Terri Unwin recently converted the interest-only loans on her investment properties to principal and interest, even though there is still more than two years left on the interest-only periods.
She is one of a growing number of people making the switch, after regulatory changes saw the days of relatively low interest-only lending rates disappear.
Once a magic pill for investors, interest-only loans allowed people to get into the property market or increase their portfolio with lower upfront repayments, generally for up to five years.
But a string of regulatory changes mean interest-only loans have become much more expensive, even for those borrowers who still qualify.
"We looked at our budget and determined we could afford the principal and interest repayments and it meant that we were building equity in that property," said Ms Unwin.
Not just an investor, Ms Unwin is also a mortgage broker and said many of her clients are now moving across too.
"Probably in the last six to eight months it's become significantly more prevalent that clients will request to switch prior to their periods [ending]," she added.
The 'period' is the agreed time a homeowner has with their bank before they must start making principal repayments on their loan — until then, they just pay the interest. It is most typically five years.
Until a few years ago, there was little or no difference between the interest rate on an interest-only loan and the rate on a principal and interest loan.
It led to a boom. By 2015, 40 per cent of all loans in Australia were interest-only.
But it was not to last. Banking regulator APRA toughened conditions, putting a 30 per cent cap on the percentage of new loans that could be interest-only. That saw lenders put the squeeze on borrowers.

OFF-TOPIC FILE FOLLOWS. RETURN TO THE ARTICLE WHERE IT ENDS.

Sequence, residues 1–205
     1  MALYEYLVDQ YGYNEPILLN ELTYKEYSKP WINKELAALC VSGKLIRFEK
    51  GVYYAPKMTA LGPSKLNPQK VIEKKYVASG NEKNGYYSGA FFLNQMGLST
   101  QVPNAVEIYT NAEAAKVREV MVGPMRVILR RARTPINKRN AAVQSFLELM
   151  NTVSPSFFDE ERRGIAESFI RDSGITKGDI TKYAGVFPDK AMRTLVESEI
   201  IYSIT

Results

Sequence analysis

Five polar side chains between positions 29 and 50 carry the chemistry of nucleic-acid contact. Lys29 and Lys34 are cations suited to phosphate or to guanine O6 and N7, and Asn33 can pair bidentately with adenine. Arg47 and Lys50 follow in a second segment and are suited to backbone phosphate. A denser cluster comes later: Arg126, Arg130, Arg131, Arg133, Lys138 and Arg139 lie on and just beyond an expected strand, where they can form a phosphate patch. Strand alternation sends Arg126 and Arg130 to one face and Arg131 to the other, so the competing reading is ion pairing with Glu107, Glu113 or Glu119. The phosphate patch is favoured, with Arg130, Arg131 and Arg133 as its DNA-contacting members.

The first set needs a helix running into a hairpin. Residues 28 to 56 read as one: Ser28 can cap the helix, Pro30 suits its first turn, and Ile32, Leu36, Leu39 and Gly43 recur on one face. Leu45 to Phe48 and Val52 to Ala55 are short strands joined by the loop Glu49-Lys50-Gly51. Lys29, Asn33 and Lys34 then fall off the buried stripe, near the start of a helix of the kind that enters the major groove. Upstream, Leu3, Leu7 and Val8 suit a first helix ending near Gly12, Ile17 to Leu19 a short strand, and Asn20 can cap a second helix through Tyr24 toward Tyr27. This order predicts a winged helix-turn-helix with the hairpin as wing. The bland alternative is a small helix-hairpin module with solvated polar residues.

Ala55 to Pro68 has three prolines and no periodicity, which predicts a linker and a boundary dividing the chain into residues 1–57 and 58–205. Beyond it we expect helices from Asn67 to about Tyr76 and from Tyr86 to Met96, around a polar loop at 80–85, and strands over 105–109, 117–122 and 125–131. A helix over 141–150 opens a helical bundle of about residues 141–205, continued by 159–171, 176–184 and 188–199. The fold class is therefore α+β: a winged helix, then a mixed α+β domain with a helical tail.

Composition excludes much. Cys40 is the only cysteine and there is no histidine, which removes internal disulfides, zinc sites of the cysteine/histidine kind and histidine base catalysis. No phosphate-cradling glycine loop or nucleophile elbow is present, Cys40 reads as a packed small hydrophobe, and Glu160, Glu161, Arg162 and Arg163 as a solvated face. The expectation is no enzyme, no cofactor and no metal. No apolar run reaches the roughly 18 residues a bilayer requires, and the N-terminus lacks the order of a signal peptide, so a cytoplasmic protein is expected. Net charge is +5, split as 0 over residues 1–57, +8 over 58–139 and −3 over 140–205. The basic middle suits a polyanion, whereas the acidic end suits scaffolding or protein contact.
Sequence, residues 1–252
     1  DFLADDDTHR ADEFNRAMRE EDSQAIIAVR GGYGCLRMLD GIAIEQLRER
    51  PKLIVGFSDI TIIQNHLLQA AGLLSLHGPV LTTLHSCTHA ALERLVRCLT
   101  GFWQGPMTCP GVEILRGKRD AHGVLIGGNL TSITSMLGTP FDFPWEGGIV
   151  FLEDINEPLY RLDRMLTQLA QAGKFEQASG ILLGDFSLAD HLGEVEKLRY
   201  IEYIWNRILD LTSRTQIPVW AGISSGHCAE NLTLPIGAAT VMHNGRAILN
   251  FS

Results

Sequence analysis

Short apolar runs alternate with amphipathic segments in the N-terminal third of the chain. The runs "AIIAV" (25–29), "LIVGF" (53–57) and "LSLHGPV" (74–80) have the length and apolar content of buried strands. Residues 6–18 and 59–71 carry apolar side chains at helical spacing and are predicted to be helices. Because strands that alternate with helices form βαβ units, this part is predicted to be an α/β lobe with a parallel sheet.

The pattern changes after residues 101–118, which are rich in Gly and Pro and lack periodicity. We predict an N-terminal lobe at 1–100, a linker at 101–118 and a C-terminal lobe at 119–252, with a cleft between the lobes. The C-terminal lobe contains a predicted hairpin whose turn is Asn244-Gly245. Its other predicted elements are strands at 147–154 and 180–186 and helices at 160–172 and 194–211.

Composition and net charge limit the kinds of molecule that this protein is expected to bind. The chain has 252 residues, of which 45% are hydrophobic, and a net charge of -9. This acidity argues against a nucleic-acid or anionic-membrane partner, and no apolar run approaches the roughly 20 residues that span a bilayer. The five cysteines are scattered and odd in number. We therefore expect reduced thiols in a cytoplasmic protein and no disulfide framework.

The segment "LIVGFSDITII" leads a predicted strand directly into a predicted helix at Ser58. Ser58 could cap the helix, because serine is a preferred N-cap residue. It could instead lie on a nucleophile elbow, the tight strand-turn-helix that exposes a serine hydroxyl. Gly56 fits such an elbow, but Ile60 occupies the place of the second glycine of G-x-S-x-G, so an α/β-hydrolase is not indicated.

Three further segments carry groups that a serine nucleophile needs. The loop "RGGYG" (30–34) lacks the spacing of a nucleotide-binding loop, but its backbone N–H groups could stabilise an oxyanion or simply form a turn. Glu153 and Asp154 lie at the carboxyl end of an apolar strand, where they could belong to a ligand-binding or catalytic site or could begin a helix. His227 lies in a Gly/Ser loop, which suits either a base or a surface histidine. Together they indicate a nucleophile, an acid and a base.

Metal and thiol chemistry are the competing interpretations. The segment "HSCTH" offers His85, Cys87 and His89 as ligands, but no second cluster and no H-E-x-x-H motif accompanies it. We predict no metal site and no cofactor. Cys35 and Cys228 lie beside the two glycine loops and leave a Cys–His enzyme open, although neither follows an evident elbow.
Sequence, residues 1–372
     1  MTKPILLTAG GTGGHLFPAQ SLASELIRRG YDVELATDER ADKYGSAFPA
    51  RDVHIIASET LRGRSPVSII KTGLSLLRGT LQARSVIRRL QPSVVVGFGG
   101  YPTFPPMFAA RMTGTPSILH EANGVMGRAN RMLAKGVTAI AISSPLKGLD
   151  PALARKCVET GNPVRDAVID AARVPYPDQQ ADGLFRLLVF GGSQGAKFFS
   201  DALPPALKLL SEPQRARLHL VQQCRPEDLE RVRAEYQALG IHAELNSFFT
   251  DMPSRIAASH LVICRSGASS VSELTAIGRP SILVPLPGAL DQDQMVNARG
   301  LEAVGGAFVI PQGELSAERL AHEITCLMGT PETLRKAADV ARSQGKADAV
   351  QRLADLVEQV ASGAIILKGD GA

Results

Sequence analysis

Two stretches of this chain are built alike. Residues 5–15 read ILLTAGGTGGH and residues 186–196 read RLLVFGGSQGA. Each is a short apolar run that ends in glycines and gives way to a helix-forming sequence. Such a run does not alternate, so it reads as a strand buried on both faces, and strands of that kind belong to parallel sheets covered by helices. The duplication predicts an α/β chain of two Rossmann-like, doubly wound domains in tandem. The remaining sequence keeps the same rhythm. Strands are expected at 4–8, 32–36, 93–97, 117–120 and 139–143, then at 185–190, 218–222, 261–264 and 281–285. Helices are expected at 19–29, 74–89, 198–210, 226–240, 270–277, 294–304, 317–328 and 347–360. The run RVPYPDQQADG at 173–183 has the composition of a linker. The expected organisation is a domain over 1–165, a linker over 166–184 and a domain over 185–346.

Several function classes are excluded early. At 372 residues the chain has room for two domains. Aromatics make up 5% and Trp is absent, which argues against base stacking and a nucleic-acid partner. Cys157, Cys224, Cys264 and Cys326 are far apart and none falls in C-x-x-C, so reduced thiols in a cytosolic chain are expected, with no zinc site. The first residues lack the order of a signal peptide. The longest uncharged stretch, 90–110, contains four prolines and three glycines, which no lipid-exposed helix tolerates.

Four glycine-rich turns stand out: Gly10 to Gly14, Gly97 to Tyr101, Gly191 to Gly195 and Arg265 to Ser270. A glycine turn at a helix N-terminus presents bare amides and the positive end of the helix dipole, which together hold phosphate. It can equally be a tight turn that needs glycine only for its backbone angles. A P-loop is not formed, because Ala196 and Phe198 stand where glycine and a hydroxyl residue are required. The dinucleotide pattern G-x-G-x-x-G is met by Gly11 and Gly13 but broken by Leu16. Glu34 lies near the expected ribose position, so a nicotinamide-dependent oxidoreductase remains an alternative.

"The lenders responded by increasing the interest rates for investment loans for existing and new borrowers," mortgage broker Bruce Carr observed.Interest-only loan crunch amid falling prices
The method worked. Three years later, just 15 per cent of new loans being issued are interest-only.
But there is still about $360 billion worth of interest-only loans due to mature over the next three years.
That is against the backdrop of a sharp correction in property prices and falling equity for investors.
"A whole chunk of people aren't going to be able to pay," said Professor Richard Holden from the University of New South Wales School of Economics.
"If they all need to sell at the same time, even if that's 20 per cent of these folks, then that leads to a fire sale and you see something looking scarily like what happened in the United States of America in 2008/2009."
Fears of a mass exodus from the investment market might prove to be unfounded, because the tide is turning.
Now, just like Terri Unwin, investors are likely to get a better rate if they cut out of their interest only loan and move across to principal and interest.
"We are negotiating significant discounts for those clients as soon as they start making the principal reductions," she said.
"So their interest rates can drop by up 0.6, 0.7, 0.8 per cent immediately."
The Reserve Bank of Australia said, if you are a good credit risk, you can save 15 basis points on your loan.
Just this week, Australia's largest lender, the Commonwealth Bank, cut rates on some of its fixed-interest products for home buyers and investors, ranging from 3.79 per cent to 4.34 per cent.
There is also anecdotal evidence some banks are waiving annual charges and set up fees to sweeten a move across.
Mortgage broker Bruce Carr agrees that is exactly what many property owners are now doing.
"We've been proactively contacting clients to encourage them to make that change and some are contacting us before we get to them because they want to get their interest rate back down," he said.
The Commonwealth Bank's decision to cut its rate, when commentators have long been hinting at rate rises, is likely to trigger a competitive response from the other big banks.
But that may be small comfort for overstretched investors no longer able to depend on the days of easy lending.